The other day I bought a light and it got me thinking about the cost of things in general and how much money we can save if we just do the needful homework to become educated consumers.
So, here’s a number…
It happens to be the number which seems to keep popping up when I compare prices on marine products on a regular basis. So often, in fact, that I’m actually beginning to think that for a lot of “marine” products it’s almost part of the equation or rule and, if it is, that means we can use it to our advantage.
Which brings us to another, albeit smaller, number…
If I go to a marine store to buy some epoxy and a little glass cloth I’m always amazed at what passes for the “normal” price and recently, checking epoxy prices, I saw a quart and a half of resin/hardener was selling for $78.99 and a 30 inch by 30 inch square of glass cloth going for $18.37 which together adds up to $97 and change. To me this just seems a whole lot nuts but, as I never buy epoxy or glass in such small amounts, I checked the prices from my normal purveyor
of such things and found a quart and a half of epoxy including hardener was a whopping $39 and a yard (36″ x 50″) of similar weight/quality went for $6.90 which adds up to $45.90 or less than half.
Of course, if you were to buy your epoxy or glass in greater quantities you’d spend a whole lot less bring you right up to the that 75% cheaper point. Get a little creative and check out what they have on sale and you , more than likely would surpass it.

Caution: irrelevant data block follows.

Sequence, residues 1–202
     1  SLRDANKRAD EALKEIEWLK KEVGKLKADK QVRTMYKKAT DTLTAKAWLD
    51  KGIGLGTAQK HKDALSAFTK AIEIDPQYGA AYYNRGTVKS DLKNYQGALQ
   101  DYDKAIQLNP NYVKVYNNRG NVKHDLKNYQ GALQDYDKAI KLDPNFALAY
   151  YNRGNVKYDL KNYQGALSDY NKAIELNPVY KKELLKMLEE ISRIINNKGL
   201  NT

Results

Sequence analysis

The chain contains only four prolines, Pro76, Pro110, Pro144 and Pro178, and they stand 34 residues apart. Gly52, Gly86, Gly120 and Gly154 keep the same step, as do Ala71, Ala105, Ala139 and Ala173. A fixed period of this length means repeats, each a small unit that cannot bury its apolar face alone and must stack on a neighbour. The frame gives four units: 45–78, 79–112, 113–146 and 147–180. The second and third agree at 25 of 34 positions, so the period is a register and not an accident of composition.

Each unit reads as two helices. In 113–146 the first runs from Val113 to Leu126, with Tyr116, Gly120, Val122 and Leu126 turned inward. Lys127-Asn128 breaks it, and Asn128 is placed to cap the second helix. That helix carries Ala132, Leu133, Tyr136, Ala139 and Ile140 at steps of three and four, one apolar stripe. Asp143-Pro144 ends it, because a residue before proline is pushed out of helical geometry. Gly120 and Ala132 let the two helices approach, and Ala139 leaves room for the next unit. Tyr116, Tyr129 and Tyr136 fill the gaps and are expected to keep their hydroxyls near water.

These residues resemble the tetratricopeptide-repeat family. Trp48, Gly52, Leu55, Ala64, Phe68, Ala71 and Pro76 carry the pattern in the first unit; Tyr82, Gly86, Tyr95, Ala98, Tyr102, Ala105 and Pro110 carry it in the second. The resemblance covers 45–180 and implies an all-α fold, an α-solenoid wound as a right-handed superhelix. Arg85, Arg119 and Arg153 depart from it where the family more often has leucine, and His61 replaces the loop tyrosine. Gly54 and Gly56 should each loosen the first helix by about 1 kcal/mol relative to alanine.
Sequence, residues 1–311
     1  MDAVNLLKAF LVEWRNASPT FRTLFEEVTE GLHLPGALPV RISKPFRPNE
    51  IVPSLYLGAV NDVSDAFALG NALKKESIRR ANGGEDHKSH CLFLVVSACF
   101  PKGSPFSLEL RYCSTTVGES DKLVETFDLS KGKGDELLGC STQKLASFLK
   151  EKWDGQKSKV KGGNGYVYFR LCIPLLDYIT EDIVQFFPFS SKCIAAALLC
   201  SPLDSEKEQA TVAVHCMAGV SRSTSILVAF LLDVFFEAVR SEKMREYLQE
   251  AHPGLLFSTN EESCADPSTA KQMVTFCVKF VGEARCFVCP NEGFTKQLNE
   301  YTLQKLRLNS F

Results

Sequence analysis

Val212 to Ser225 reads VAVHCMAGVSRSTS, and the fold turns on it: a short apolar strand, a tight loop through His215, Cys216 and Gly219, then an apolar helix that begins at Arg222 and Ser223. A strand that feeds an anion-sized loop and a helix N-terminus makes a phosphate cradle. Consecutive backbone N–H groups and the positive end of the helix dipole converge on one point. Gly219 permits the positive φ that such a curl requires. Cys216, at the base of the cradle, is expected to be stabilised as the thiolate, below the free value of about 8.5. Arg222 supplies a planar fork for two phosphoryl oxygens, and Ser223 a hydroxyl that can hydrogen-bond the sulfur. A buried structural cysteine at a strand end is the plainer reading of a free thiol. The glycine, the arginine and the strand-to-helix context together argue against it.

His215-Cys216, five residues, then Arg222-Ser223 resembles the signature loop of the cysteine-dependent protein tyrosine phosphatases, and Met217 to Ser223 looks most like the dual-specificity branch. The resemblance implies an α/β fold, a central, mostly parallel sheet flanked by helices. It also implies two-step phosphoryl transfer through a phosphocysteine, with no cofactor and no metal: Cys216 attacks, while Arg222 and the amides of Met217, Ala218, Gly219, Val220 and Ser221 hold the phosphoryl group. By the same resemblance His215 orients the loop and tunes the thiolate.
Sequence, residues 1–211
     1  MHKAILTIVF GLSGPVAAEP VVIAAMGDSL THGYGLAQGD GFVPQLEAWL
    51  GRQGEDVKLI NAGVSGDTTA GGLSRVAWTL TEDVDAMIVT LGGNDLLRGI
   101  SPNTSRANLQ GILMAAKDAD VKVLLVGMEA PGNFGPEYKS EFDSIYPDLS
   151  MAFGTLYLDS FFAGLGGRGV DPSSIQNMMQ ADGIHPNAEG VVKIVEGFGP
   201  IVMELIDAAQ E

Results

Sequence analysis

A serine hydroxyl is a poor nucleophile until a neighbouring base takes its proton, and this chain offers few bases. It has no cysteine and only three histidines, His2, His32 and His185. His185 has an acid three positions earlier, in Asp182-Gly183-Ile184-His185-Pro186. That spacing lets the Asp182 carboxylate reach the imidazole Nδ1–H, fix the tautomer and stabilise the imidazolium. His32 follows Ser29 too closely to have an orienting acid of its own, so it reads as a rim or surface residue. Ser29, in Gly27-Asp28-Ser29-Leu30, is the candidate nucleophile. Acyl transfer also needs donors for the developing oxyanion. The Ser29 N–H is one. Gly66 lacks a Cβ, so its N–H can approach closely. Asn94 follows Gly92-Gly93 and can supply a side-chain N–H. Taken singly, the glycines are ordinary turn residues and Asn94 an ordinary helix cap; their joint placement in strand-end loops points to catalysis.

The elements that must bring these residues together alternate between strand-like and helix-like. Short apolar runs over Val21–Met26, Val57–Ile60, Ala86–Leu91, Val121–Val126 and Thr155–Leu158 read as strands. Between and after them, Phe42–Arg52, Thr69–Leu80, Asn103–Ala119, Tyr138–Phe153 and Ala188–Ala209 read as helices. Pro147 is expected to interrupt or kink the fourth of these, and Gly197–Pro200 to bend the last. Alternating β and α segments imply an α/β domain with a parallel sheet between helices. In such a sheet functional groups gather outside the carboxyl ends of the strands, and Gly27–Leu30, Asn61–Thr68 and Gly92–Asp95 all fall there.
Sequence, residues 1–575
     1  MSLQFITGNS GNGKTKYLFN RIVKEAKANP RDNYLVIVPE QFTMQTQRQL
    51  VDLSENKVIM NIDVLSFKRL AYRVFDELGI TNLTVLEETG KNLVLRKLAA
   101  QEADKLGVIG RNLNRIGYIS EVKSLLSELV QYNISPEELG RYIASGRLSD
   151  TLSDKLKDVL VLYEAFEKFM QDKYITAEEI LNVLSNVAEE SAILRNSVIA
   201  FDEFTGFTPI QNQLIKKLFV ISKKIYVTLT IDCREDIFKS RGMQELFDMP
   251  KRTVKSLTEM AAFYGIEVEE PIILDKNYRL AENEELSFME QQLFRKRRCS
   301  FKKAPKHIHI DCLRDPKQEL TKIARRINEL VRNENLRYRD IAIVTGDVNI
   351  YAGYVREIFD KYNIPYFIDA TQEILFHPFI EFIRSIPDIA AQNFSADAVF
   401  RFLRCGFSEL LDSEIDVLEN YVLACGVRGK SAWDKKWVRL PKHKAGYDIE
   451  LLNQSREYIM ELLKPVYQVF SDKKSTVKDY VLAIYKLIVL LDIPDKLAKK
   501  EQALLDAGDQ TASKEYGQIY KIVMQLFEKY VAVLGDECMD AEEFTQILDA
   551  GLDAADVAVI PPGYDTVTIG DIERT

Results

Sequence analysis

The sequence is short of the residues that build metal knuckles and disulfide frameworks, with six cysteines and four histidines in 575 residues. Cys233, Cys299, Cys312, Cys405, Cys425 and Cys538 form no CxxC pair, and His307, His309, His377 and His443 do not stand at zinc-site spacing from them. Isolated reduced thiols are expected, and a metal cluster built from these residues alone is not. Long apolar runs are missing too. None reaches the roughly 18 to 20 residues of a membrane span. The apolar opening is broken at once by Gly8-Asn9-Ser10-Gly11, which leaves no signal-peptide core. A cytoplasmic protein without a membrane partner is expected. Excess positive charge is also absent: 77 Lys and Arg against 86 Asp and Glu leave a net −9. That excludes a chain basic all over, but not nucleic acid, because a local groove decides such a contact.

The earlier mentioned tricolor/anchor/strobe I bought last week is another example. While I could have spent anywhere from $450 to $800 or so for one but with a couple hours of homework I was able to find a quality light better suited to my needs for $99 or a bit less than 25% of the cheapest light available from the local marine stores.
Another good example is screws, bolts, and nuts of the stainless variety. Do a little research and you’ll find it’s pretty easy to spend about 25% of the going rate for marine fasteners and that’s not even having to buy in bulk. Bulk, of course makes things much cheaper.
Looking at the big picture, if you do your homework, you can pretty much depend on being able to buy the stuff you need for 75% less than you can get it from your local discount marine store. Sure there are exceptions but, generally speaking, for the most part, where you can’t get stuff for less there is going to be a workaround if you’re the least bit creative. But, more on that later…